Tree ID

Category: Education

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By: helenjoy79 (101 month(s) ago)


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West Virginia Trees: 

West Virginia Trees Basic Tree Identification For FFA Forestry Contest


Developed in cooperation with the West Virginia Division of Forestry and the Tyler County FFA Chapter.

Identification of trees base upon leaves, buds, bark, and arrangement for:: 

Identification of trees base upon leaves, buds, bark, and arrangement for:


Aspen Leaves are 1 1/2” to 3” in diameter. Margins are toothed. Leaf stem is flatten and is attached at a 90 degree angle to the leaf blade.


Aspen Bark is smooth, greenish white to cream-colored, often roughened by numerous wartlike (diamond shaped) excrescence's.


White Ash Leaves are compound, 8” to 12” long and 3” to 5” wide. With 5 to 9 leaflets (mostly 7 and rarely 11 or 13). Margins are entire. Branching is opposite.


White Ash Bark is ashy gray, furrowed into close diamond-shaped areas separated by narrow interlacing ridges. On older trees slightly scaly along the ridges. May have smooth patches on trunk which ranged from brown to white in color.


Basswood Leaves are 5” to 6” long and 3” to 4” wide. Broadly egg shaped and the margins are coarsely toothed.


Basswood Bark is gray to brown, breaking up into narrow ridges, and somewhat scaly on the surface.


Beech Leaves are 2 1/2” to 6” long and 1” to 2 1/2” wide. Elliptical in shape and the margins are remotely toothed with sharp, incurved teeth.


Beech Bark is thin, smooth, light blue-gray in color. Does not change as the tree grows older.


Birch (Black or Sweet) Leaves are 3” to 4 1/2” long and 1 1/2” to 2” wide. Shape is somewhat egg shaped and the margins are sharply toothed. Has a wintergreen smell to it. Notice the fruit at the bottom of the twig.


Birch (Black or Sweet) On young trees reddish brown to nearly black, with prominent horizontal lenticels; on mature trees brownish black and breaking up into large thin irregular scaly plates.


Black Cherry Leaves are 2” to 6” long and 1” and 1 1/2” wide. Lanceolate or spear-like in shape. Margins are finely toothed. Leaves and twigs have bitter smell when broken open.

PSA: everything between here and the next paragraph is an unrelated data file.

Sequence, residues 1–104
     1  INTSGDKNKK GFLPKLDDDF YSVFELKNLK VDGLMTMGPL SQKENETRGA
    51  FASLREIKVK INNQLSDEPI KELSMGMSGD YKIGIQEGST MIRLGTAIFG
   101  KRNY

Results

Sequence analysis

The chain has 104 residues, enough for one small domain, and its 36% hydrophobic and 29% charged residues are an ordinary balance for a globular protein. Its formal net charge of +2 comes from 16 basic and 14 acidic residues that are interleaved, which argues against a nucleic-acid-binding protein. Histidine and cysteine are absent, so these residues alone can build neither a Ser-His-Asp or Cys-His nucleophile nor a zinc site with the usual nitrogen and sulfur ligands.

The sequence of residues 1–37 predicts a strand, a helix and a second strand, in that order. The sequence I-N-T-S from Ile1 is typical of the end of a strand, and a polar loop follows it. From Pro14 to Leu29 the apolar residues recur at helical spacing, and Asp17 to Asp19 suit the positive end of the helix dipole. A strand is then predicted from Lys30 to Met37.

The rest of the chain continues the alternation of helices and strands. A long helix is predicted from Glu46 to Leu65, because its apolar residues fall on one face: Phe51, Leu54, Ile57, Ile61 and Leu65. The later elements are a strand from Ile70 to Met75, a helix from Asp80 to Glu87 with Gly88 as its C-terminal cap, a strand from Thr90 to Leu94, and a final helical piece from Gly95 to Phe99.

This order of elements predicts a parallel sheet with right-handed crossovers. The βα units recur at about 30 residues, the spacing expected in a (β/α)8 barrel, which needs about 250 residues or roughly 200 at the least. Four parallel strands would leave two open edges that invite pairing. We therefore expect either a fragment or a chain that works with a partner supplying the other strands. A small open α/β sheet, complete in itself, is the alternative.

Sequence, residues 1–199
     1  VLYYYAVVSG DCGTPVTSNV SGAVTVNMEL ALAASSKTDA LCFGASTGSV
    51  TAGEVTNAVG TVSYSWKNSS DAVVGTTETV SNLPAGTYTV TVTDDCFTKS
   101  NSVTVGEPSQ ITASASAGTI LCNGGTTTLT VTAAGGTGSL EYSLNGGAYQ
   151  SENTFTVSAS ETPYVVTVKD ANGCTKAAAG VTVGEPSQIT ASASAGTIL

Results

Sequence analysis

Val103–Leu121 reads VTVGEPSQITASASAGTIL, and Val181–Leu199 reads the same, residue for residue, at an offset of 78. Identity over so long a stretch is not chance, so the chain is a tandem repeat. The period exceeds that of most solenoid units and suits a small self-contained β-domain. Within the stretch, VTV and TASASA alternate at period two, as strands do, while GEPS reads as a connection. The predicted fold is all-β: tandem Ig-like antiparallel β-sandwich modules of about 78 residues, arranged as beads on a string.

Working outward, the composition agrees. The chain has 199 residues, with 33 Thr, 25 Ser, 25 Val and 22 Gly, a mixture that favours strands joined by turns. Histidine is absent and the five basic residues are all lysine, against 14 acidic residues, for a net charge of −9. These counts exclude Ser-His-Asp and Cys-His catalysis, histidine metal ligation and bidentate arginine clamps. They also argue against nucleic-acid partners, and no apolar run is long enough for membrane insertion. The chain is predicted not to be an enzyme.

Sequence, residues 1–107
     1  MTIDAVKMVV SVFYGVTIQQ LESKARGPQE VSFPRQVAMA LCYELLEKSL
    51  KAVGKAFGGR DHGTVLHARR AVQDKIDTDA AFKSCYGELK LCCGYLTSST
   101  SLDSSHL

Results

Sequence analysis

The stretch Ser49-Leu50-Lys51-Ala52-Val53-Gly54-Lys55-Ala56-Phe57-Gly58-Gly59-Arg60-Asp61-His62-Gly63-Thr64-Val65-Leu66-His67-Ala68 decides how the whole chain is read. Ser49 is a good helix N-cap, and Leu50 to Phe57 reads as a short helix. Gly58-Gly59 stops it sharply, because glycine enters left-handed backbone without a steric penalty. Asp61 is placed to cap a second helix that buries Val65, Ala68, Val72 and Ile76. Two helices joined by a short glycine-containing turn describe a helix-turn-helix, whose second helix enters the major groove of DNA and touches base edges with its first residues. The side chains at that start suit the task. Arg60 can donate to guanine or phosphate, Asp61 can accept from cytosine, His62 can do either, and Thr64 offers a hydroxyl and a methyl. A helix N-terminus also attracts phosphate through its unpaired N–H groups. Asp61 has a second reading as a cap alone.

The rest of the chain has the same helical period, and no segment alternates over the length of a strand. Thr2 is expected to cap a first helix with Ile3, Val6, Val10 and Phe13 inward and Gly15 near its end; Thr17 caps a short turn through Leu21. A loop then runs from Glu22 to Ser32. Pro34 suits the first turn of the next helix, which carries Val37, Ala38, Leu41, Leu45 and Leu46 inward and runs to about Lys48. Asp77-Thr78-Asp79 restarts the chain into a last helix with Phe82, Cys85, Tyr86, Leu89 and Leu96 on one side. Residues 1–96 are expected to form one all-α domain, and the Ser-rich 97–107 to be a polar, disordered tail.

Black Cherry Bark on younger stems is smooth, reddish brown to black and has conspicuous, narrow, horizontal lenticels. On older trunks, the bark is small, black, platy scales with upturned edges.


Black Oak Thick, nearly black on old stems, deeply furrowed vertically, and with many horizontal breaks. Inner bark is bright orange or yellow


Black Walnut Leaves are 12” to 24” long with 15 to 23 leaflets.


Black Walnut Bark is dark brown to grayish black, divided by deep, narrow furrows into thin ridges.


Cedar Leaves are 1/16” long, and scalelike. Redcedar leaves are pointed and White-cedar are rounded.


Cedar Bark is thin, ashy gray to reddish brown, fibrous, forming a more or less network of connecting ridges and shallow furrows.


Chestnut Oak Leaves are 4” to 8” long and 1 1/2” to 3” wide. Nearly lanceolate in shape and the margins are coarsely rounded.


Chestnut Oak Bark is brown to nearly black, very deeply and coarsely furrowed.


Cottonwood Leaves are 3” to 6” long, 4” to 5” wide; with the margins being rounded teeth like. Petiole is flattened, and at 90 degree to the leaf blade.


Cottonwood Light greenish yellow on young stems, eventually becoming ash-gray and dividing into thick, flattened or rounded ridges separated by deep fissures.


Cucumbertree Leaves are 6” to 10” long, 3” to 5” wide. Broadly elliptical in shape. Margins are smoothed. Yellow green in color.


Cucumbertree Bark is brown, fissured into narrow flaky ridges and are reddish in color when rubbed.


Elm Leaves are 4” to 6” long and 1” to 3” wide. Elliptical in shape. Margins are coarsely doubly serrate or toothed. Leaf surfaces will have sandpaper texture when rubbed between fingers.


Elm Bark is grayish to dark reddish brown, flat-topped ridges, separated by fissures. Corky looking in texture.


Hemlock Needles are 1/3” to 2/3” long, dark yellow green, and marked underneath with 2 white lines. When attached to the branches its tend to have a layer look.


Hemlock Bark on young trees flaky or scaly; soon with wide, flat ridges becoming heavily and deeply furrowed on old trees.